First, Key Porter. This week, Key Porter cancelled a book that was only two weeks from publication, suggesting that the publisher was in serious trouble. In fact, it now looks like the Canadian publisher is going down. (My friend, Mark Bourrie, whose book was the one canned, got an offer from another publisher yesterday, thankfully, so at least his saga may be short-lived).
And then there’s Borders.
This is starting to feel, at least in the book world, a little bit like the Enron meltdown. Borders is on the verge of bankruptcy if it can’t pull out new financing. It can no longer pay its suppliers, and has had shipments of books suspended. That’s bad enough.
But its Chief Information Officer and General Counsel have also abruptly resigned, along with several other executives. That doesn’t usually happen unless there’s a backstory beyond financial troubles: those are the folks you need in place to stickhandle the restructuring.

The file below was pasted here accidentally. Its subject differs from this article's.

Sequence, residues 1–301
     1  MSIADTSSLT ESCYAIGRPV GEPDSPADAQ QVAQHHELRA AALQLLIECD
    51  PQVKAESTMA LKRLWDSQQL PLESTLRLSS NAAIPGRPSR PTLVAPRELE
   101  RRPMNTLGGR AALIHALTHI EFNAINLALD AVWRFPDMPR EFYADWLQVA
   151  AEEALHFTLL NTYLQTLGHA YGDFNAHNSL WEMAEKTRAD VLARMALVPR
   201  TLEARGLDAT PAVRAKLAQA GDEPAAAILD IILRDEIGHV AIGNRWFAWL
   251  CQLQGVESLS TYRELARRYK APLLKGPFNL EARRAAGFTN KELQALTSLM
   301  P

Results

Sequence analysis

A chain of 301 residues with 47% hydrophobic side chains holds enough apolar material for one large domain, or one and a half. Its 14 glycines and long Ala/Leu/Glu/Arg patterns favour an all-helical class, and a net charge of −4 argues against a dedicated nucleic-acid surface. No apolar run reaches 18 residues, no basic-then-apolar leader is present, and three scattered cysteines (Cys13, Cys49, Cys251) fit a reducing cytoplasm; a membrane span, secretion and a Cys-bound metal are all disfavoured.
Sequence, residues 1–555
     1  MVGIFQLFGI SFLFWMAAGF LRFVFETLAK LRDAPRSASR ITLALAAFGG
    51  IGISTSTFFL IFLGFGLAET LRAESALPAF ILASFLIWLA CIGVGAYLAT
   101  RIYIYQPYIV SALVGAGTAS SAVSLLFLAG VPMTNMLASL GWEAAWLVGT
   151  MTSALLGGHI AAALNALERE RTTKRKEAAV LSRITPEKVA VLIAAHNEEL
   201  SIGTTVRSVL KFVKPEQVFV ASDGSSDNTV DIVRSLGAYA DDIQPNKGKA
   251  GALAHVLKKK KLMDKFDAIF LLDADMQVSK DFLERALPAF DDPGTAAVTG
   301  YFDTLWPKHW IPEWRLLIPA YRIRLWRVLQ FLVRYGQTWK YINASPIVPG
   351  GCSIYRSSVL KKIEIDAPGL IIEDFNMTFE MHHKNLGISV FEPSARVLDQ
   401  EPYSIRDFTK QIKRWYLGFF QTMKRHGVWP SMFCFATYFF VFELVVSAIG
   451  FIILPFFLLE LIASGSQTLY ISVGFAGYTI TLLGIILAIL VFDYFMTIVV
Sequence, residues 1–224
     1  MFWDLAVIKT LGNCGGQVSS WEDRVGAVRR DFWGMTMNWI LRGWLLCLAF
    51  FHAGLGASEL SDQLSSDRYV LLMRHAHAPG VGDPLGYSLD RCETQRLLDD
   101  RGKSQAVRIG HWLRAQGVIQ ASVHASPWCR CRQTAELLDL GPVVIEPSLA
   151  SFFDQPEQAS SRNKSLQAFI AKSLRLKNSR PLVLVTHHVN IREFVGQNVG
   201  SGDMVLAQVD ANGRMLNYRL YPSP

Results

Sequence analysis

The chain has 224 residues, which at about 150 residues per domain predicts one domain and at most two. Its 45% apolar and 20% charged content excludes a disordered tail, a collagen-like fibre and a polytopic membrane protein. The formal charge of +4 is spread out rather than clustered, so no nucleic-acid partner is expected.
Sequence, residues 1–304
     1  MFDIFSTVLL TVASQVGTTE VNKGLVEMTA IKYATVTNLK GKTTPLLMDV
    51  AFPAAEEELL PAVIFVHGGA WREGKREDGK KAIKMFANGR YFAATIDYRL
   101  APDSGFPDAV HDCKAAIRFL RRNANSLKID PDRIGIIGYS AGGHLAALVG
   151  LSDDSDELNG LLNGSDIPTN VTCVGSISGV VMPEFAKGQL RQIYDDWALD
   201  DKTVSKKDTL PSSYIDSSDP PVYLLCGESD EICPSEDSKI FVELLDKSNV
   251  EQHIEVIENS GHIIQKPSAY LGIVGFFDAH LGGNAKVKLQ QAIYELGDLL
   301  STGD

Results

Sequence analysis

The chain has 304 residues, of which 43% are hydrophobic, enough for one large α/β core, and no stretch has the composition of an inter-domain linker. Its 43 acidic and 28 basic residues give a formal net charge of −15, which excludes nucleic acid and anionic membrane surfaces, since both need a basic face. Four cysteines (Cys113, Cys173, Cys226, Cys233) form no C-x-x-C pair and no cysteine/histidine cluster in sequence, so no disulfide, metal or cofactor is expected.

Publishers Weekly agrees that it’s not looking good for Borders:
“DBW 2011 moderator Sarah Weinman reported on Sunday, a Borders bankruptcy seems increasingly likely in 2011. If Borders defaults on its debts to publishers, Weinman writes, that ‘means a sizable chunk of the trade book business, somewhere around 10% of overall market, will vanish overnight. And that will affect publishers’ bottom lines and force them to make decisions they may not have wanted to, or would regret, in order to keep their own balance sheets as close to the black as possible.'”
Ten percent. It makes me wonder just how many other authors will be getting letters telling them their books are on hold. And if you want to understand why all of this is happening, read this article about Amazon’s stranglehold on the market.